Of Prime Interest: Mortgages come in many guises
Homeowners and buyers are in a rather enviable position these days. Interest rates are at historic lows and the cost of borrowing for a home is about as low as it can get. The five-year fixed rate is again available as low as 2.89 per cent and the Variable rate is at prime minus .60 per cent.
That’s great news however it’s not the only thing homeowners and purchasers need to think about when negotiating a mortgage. There are a number of other features to consider before signing up for a mortgage—after all, this is the largest debt most Canadians will take on in their lives.
When it comes to choosing a mortgage, getting a good rate is only the beginning. You have to be aware of all the other features that may lie below the surface. All features of a mortgage should fit a homebuyer’s personal goals, both now and down the road.
Fixed rate mortgage
A fixed rate mortgage will guarantee you a rate for a specific period of time. Fixed rate mortgages are available for terms from six months up to 10 years the most popular being a five-year fixed currently available at 2.89 per cent.
If you need to break the term you will be charged a three month interest penalty or an interest rate differential (IRD), whichever is greater. An IRD is a penalty for early prepayment of all or a portion of your mortgage outside of its normal prepayment terms. Usually this is calculated as the difference between the existing rate and the rate for the term remaining, multiplied by the principal outstanding and the balance of the term and can be very costly.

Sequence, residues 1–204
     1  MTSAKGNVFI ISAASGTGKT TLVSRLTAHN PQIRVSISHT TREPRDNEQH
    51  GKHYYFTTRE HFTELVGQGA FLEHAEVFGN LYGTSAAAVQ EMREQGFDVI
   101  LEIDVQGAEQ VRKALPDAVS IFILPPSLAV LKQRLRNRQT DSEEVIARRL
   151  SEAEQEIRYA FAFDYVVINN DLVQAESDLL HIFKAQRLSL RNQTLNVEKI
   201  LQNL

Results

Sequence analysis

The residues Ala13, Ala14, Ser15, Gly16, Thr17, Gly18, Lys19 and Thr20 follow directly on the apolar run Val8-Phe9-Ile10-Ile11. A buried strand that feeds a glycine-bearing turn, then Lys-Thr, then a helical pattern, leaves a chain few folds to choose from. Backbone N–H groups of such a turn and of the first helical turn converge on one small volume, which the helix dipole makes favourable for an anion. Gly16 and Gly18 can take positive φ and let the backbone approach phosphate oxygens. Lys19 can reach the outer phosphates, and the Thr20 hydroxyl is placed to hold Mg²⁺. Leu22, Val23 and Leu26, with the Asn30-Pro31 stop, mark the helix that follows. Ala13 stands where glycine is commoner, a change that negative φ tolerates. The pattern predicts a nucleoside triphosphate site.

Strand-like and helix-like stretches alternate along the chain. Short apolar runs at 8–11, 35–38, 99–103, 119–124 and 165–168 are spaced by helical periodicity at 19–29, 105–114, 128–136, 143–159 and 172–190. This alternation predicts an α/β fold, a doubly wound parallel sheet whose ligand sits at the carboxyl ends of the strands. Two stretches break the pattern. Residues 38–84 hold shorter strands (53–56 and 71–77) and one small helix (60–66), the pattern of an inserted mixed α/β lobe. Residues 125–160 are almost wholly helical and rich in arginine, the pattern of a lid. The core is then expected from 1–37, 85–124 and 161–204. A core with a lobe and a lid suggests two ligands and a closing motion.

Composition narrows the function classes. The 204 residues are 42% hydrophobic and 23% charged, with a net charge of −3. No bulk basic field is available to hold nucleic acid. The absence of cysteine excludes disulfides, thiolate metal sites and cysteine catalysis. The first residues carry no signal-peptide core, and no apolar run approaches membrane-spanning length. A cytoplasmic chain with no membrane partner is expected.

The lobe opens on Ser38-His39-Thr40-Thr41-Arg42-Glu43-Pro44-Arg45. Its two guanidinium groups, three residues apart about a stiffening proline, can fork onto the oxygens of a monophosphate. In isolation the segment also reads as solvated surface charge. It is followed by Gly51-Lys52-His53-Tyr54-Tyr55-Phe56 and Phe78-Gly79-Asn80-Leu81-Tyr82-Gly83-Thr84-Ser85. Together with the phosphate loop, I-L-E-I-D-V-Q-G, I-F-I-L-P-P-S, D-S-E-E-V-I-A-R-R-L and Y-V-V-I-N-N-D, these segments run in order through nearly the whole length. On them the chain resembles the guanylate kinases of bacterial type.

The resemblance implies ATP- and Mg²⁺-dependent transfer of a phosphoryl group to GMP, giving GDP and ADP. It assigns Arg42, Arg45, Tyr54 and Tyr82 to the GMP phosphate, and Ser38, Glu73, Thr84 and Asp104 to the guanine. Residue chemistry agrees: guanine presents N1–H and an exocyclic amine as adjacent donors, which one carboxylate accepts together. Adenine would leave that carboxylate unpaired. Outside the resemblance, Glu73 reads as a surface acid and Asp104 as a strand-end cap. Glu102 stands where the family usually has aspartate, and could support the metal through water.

Variable rate mortgage
There are ways to avoid or at least reduce the IRD. Variable rate mortgages float with the prime rate and are available up to .60 below prime, currently resulting in a rate of 2.4 per cent. If the prime rate changes the interest you are charged and your monthly payment will fluctuate.
You have the option with a variable rate mortgage to convert to a fixed term equal or greater to the period remaining in your term. This option is available at any time and there is no penalty to do so.
Typically variable rate mortgages are for a five-year term but are also available for lesser terms. You will only ever be charged a three-month interest penalty should you break the term in a variable rate mortgage.
Open mortgages are also available but usually at a higher rate of interest.
Always confirm you have an assumable mortgage. An assumable mortgage means the mortgage can be transferred to another borrower. It allows a purchaser to take on your mortgage’s terms and payments (upon qualification) as part of the sale of your home. With extremely low interest rates today, that could be a big selling feature to a potential buyer in the future.
Another option that many mortgages have is portability. This allows you to transfer your existing mortgage over to a new property—another huge advantage if you have a mortgage at current low rates. As well, if the penalty to pay the mortgage off is large, you may port it and reduce the penalty or have no penalty at all.
Not all portability features are the same, however. Some lenders allow up to 120 days for transfer of the mortgage while others allow for only a few days or a week.
Choosing the right mortgage involves considering where you are now and where you may be three to five years from now. Working with a professional can help you make sense of the many options available to you.